Alan A. Stone in the Boston Review:
Imagine a jealous and angry lover; his childlike girlfriend who is secretly a call girl; and her newest client, an 80-year-old retired professor. Like Someone in Love brings together this unlikely mix of characters. The film is set in Tokyo but was written and directed by the renowned Iranian filmmaker Abbas Kiarostami, who is apparently in difficulty with the authorities in Tehran and now working outside the country. His previous film, Certified Copy (2010), was made in Italy.
Kiarostami’s most celebrated Iranian film, Taste of Cherry (1997), produced conflicting reactions among discerning critics. It was awarded the Palme D’Or, but the late Roger Ebert gave it a decided thumbs down. Like Someone in Love has generated a similar response. Ian Buruma, who as a young man studied and worked in Japanese film, has proclaimed it “the best film ever made by a non-Japanese in Japan.” Lest anyone think this stinting praise, he adds, “It is a great movie tout court.” Yet Stanley Kauffmann believes Like Someone in Love is a failure and a betrayal of the films “rooted in Iranian culture and a love of it” that made Kiarostami famous.
Kiarostami’s earliest films embraced what critics describe as “earnest realism.” I take the earnestness to be a result of Kiarostami’s on-location depictions of the human condition. The films that earned him this reputation adopted the perspective of children in the villages of northern Iran.
For a long time I regarded poems about photos as examples of ekphrasis, that “verbal representation of visual representation” genre theorized by scholars like W.J.T. Mitchell. As Mitchell sees it, the relationship between verbal and visual arts is contentious. Verbal texts like poems are time-based, while visual arts such as painting and sculpture are primarily spatial. Poetry, like music, is dynamic; its duration is essential to its effect. Painting and sculpture, on the other hand, are generally static. And so, ekphrastic writing often positions itself as a controlling voice that must speak for the silent art object. Keats’s Grecian urn, say, is beautiful, enigmatic, and mute; the poem masters, defines, and vivifies its stillness. In ekphrastic writing time and space confront each other, and the ways poets negotiate this contest gives the genre its energy. But I now think that photo-poems like Rilke’s “Portrait of My Father” are not really ekphrastic. Photographs don’t derive their essence from their spatial quality. They exist in space, of course. But a photograph, like a poem and unlike a painting, depends on time.more from V. Penelope Pelizzon at Poetry Magazine here.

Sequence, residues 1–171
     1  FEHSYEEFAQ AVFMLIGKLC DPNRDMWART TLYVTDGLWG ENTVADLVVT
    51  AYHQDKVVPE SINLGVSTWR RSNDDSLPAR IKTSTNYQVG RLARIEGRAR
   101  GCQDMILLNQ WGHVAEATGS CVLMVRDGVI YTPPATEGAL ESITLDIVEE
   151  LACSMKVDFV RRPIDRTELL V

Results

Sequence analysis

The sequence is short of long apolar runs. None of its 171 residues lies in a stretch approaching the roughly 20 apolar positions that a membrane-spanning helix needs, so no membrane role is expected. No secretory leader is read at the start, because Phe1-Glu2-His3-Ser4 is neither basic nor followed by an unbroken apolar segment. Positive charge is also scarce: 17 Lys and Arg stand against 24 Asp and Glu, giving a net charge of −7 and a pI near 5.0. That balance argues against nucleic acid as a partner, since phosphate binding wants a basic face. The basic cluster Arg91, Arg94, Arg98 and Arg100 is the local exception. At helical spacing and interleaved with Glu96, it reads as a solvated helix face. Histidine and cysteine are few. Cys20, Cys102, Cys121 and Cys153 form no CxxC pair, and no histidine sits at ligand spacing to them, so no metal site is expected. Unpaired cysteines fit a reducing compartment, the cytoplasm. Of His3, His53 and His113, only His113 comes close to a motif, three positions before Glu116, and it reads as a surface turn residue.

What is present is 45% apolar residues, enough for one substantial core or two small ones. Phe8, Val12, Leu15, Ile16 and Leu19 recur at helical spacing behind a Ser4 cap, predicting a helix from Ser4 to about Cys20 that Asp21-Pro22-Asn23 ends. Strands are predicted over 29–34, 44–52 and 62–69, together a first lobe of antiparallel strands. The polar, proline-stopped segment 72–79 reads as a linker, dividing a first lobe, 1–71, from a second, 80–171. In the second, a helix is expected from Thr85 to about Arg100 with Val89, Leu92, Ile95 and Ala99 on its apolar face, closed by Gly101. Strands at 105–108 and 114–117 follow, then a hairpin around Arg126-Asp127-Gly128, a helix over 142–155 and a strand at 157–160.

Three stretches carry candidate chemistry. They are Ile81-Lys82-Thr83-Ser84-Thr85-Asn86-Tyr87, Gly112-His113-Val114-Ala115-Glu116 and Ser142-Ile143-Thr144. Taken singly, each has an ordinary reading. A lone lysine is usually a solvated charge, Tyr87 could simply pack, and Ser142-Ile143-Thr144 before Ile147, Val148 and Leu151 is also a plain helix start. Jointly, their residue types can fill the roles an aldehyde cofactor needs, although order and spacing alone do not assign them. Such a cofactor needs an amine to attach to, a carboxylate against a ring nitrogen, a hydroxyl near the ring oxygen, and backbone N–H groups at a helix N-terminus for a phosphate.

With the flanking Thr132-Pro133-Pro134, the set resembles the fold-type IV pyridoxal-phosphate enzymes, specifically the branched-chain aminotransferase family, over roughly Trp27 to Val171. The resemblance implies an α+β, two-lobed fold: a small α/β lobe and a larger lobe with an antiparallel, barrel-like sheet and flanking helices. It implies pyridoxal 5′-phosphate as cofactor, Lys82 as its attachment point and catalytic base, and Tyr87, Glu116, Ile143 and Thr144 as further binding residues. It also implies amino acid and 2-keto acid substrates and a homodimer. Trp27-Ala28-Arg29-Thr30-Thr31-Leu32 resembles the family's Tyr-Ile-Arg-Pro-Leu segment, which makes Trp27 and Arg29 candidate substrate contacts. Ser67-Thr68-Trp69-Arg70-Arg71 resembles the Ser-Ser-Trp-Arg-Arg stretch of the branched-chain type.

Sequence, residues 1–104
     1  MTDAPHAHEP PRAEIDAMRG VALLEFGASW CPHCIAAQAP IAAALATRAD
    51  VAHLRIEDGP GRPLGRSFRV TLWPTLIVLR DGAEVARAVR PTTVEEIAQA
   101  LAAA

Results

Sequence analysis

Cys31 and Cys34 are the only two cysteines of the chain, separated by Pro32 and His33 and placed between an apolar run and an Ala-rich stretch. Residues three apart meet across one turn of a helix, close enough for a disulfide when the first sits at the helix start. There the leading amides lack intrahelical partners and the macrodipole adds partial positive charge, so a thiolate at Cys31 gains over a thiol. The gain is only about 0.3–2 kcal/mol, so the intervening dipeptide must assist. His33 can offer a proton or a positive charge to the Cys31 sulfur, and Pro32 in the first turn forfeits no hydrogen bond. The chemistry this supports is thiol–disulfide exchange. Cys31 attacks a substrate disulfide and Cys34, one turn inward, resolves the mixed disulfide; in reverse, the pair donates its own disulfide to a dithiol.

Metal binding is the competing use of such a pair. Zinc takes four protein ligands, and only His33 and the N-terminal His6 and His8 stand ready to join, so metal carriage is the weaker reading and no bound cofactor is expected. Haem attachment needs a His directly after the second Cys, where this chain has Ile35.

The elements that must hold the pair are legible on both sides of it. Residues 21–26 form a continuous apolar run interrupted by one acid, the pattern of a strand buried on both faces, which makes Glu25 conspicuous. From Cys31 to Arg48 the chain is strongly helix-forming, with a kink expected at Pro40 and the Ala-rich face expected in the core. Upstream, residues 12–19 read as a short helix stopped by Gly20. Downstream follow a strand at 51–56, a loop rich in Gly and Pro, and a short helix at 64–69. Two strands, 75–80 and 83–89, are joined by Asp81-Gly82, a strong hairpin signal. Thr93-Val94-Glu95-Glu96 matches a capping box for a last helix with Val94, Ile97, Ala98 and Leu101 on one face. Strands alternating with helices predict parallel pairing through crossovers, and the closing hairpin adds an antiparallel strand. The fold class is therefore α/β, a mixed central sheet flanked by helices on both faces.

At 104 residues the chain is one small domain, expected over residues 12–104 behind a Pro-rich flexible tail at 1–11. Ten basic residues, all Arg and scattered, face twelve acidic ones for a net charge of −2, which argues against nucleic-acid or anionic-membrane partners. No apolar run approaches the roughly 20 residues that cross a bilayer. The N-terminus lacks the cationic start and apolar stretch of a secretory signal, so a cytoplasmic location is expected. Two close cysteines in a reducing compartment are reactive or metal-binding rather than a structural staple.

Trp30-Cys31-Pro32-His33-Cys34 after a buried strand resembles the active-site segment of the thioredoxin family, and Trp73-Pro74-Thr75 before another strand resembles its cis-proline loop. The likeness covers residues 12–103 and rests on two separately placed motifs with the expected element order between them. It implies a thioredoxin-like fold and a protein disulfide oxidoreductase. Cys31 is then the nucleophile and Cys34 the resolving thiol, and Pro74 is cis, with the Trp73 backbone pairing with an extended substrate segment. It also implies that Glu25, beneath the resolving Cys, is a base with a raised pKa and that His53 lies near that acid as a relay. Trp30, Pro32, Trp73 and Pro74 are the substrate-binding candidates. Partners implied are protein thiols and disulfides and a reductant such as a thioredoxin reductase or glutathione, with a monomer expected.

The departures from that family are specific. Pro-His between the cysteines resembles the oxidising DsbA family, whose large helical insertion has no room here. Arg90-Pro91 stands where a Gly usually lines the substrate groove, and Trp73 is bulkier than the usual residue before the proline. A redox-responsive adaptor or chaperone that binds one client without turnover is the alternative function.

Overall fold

Balloonophiles must nurse a particular affection for Wolverhampton, for it was from there that, on 5 September 1862, one of the most celebrated ascents began. The pilots were James Glaisher, secretary to the Royal Meteorological Society, and Henry Coxwell, whose claim to scientific knowledge derived from his former career as a dentist, but who was a seasoned balloonist and, as it transpired, a good man to have in a tight spot. The balloon left the ground at one o'clock in the afternoon, filled with buoyant coal gas from the Wolverhampton gasworks. It was a beautiful day and they climbed quickly: forty minutes later they were past 20,000 feet; just before an hour was done they were at 29,000 feet. Then they hit a snag. Coxwell realised that the rope working the release valve had got tangled up, so he struggled out of the basket to try to unravel it. Oxygen grows thin at such altitudes and at this point both men began to feel the lack of it.more from Seamus Perry at Literary Review here.
Sadakichi Hartmann arrived in America in 1882, at the age of twelve, disowned by his father in Hamburg and shipped off to live with a great-uncle in Philadelphia. The young man had only lived for one year or less in his native country. He spoke with a strong accent, later described by a newspaper as “half German, the other half not altogether definable.” He was thoroughly German in all that he did, sarcastic and serious, forever hunched under a small rain cloud. And yet he was hailed by friends and strangers as coming directly from the Orient. Self-taught and curious, he made his first contact with what would become an influential circle of acquaintances by knocking unannounced on the door of the poet who lived across the river in Camden, New Jersey: “I would like to see Walt Whitman.” The poet—with his long gray beard and open, flowing shirt, which revealed his naked chest—greeted him by sight. “That’s my name. And you are a Japanese boy, are you not?”more from Michelle Legro at The Believer here.